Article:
That whole Dorner thing

| February 14, 2013 | 82 Comments

So, Crispy Dorner has apparently checked out from the human race, just like he wanted. I woke up this morning and the birds were still singing and the coffeepot started at it’s programmed time – so everything is back to normal – well except those nattering nabobs on what we used to call “the news” who are still thinking that Dorner is news to someone. A guest on CNN even told the audience of mush-headed morons that he thought the whole story was exciting like some movie I’ll never watch.

The whole Dorner episode wouldn’t have been news except the LAPD seems to be run by a bunch of drama queens – which is what you’d expect in Hollywood’s bedroom community. They are the same folks who occupied way too many column inches a scant few weeks ago because they had removed a “rocket propelled grenade launcher” from the street of LA with their buy back program. What they had actually removed was an empty, useless and harmless fiberglass tube from the streets. But, to me that gives us an insight into the department’s psyche. For most of the life of the story, the only pictures of Dorner we saw were those of him in a camouflaged Navy uniform, even though it had been years since he was supposed to be wearing that uniform, judging by his military records.

Nothing Dorner did in those days of the “manhunt” was at all related to his military service, yet we saw him in that military uniform several times a day. Yeah, he ambushed two cops and killed one – but it was nothing that hasn’t happened thousands of times across the country perpetrated by thugs with no military training. Dorner was a washout in the military – the media made a big deal out of his “markmanship ribbon” from the Navy. I don’t know what the Navy requirements are for the award of that ribbon, but in the Army, you were a marksman if you hit your target 24 out of 40 times – that’s not especially good. All of his awards in the Navy were awards that everyone got for showing up. He got out of the Navy because he couldn’t get promoted to O-4 (whatever that rank is in the Navy) which means that he had scraped by to make O-3 and the Navy was tired of him.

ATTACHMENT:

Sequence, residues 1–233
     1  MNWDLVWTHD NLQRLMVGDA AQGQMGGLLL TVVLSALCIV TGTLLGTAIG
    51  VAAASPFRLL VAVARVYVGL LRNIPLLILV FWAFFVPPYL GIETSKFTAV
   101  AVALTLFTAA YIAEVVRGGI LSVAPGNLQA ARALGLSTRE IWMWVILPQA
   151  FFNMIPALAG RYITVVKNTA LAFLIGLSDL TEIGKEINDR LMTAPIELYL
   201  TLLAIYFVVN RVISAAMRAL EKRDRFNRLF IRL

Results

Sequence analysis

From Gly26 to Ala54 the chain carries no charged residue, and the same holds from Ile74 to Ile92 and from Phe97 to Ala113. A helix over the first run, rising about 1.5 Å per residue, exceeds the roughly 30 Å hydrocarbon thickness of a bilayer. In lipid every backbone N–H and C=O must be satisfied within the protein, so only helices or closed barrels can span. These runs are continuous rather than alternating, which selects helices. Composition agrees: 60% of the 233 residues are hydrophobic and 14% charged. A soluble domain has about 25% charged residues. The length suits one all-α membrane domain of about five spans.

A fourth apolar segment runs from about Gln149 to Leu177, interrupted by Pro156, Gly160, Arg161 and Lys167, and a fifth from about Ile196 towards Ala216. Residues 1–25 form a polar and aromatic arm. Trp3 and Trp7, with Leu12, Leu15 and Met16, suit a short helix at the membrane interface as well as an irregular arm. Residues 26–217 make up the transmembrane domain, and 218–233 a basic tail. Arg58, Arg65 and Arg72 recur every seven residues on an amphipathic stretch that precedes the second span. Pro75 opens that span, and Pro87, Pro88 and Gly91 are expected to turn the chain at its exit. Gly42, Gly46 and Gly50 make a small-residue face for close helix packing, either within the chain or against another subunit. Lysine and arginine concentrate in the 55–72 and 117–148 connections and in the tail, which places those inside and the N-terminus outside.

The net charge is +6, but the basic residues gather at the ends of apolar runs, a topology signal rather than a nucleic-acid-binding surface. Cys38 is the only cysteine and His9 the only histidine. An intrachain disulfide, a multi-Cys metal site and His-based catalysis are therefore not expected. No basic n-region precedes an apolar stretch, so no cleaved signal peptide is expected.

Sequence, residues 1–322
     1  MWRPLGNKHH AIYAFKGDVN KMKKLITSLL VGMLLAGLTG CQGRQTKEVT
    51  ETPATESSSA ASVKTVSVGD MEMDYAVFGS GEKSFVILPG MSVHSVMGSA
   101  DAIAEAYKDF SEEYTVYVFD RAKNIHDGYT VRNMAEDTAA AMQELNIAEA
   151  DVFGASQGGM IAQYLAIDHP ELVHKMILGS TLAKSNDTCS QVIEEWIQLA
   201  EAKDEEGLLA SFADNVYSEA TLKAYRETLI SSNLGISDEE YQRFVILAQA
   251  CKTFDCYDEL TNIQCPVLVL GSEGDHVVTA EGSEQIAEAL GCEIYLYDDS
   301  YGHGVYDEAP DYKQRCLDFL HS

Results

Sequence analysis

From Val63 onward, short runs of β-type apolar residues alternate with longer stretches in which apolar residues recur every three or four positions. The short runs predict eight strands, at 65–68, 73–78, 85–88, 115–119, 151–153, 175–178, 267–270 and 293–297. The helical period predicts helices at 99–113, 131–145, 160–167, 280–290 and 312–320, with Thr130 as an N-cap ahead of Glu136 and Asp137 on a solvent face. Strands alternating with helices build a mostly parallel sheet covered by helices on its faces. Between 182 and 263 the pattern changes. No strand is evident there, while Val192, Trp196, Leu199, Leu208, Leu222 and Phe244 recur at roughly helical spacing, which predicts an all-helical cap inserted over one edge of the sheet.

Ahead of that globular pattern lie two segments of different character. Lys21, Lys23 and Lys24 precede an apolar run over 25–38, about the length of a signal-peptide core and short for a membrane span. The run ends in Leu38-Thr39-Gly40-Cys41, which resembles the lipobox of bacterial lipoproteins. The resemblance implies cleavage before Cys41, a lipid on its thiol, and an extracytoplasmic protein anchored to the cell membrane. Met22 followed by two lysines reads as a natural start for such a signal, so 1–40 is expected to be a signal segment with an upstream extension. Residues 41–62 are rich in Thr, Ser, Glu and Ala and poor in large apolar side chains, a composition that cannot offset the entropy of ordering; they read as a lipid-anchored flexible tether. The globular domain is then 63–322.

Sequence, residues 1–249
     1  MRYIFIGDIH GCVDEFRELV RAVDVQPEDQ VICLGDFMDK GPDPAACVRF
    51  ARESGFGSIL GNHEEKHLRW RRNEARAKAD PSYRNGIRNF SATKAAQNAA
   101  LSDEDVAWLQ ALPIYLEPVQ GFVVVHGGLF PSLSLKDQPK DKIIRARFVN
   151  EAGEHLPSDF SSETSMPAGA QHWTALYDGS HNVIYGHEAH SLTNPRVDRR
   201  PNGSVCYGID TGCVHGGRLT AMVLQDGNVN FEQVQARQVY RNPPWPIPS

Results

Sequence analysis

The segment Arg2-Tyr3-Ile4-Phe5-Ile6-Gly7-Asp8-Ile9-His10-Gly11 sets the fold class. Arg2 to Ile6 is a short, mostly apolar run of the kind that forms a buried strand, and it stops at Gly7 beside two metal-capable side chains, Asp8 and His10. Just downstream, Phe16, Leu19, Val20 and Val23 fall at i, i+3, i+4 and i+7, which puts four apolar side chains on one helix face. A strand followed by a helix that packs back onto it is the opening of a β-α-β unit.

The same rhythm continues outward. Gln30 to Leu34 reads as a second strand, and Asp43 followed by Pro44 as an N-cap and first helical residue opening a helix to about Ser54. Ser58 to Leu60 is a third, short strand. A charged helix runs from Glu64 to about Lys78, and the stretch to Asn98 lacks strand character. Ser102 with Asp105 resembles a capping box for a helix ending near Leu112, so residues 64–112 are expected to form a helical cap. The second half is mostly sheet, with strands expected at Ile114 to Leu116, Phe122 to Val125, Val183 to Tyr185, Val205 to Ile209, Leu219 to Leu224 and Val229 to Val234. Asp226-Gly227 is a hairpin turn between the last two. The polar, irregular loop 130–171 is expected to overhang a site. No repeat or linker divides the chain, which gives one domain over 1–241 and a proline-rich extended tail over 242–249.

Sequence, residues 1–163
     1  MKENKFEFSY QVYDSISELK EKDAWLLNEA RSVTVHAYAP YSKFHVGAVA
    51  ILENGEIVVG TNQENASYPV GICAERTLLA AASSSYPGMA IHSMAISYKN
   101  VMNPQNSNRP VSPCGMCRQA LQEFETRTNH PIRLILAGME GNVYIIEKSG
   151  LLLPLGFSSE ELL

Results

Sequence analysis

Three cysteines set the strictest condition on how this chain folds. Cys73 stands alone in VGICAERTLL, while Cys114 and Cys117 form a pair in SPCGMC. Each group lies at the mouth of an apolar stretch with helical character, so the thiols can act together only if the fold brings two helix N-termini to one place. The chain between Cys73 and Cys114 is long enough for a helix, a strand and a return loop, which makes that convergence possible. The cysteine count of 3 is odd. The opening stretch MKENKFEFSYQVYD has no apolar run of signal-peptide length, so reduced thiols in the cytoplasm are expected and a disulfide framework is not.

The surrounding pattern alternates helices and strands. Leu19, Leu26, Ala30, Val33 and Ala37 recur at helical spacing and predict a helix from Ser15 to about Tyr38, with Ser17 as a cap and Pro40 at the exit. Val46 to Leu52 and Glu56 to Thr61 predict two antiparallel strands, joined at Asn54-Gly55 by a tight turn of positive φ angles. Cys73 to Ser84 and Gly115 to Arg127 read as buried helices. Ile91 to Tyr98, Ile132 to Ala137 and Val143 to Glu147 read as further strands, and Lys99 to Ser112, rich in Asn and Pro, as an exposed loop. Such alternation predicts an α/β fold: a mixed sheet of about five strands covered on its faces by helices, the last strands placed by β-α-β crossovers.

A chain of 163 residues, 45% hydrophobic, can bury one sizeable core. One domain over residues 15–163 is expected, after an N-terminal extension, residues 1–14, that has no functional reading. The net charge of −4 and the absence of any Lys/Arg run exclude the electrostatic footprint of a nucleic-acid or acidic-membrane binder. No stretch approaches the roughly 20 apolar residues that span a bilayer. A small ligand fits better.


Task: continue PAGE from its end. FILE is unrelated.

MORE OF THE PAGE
So, why the LAPD hired him, I have no idea, nor will I speculate. He was large and imposing, and I get the idea from watching LAPD over the last few weeks, appearances are all that’s important.

Then there’s the big spectacular “firefight” to finally bring Dorner to justice. If you haven’t seen the video, here it is from the Washington Post;

If those cops had been my privates, I’d have been kicking their asses – that “standoff” was more of a “standing around”. The only time I saw anyone duck was when their own guys were shooting in the opposite direction. And I love the part where one cop sneaks up behind another a cop and pokes him with the barrel of his weapon in the back.

Apparently, from what I’ve read, Dorner had left his one long gun in the stolen car when he abandoned it and had only handguns in the cabin and whatever ammunition he could carry – probably not that much. But, it looked to me like there were too many cops on the fringe of the battle who just came up to the firefight and lobbed a few rounds in the general direction and then promptly retreated. I guess they were just hoping that someone would set the place on fire so they wouldn’t have to come out from behind the endless lines of vehicles.

Don’t get me wrong – I think the police are important and I’m glad that the casualties were relatively few, but if this is what we can expect from a post-9-11 police force, I think we’re in trouble. I understand that a firefight is different from training, and the plan tends to fall apart when the first round is fired – but Dorner wasn’t the highly trained killer that they made him out to be. If they ever come up against one private who paid attention through his infantry training, those cops are going to be in the hurt locker.

And if the police put the time and effort into the training they need to have in this situation, it would have given them the confidence to stop those two newspaper delivery ladies instead of blasting at them right off.

Dorner was a scumbag piece of shit, but the military didn’t make him that way. Like I told the Huffington Post, he got a rope wrapped up in a propeller when he tried to steal a boat and escape – I’m pretty sure they cover boats and ropes on the first day in the Navy. And he was trying to hide from the police when he set his SUV on fire, like that wouldn’t tell them where he was. Who heads for snow country in the winter to hide out from police when there are miles of desert nearby?

The LAPD’s performance during this was embarrassing, but they have time to correct that so that it doesn’t happen next time…and it will happen again. With CNN guests making Dorner the next Robin Hood, it’s inevitable. The LAPD should stop clapping itself on the back and get to work with real training.

And to all of those of you out there who want to make Dorner some sort of superhero – superheroes don’t ambush their adversaries at a stop sign and shoot unarmed people in their home because he lost his job. He was a crackpot and the Navy divested themselves of him for the same reasons that the LAPD should have done the same thing.

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  1. That whole Dorner thing « DPGI | February 14, 2013
  1. Loach says:

    California is a big place. LAPD does not cover it all. The first cops ambushed were from Riverside. The ending incident happened with San Bernadino County Sheriffs. As you point out with other things, accuracy is important.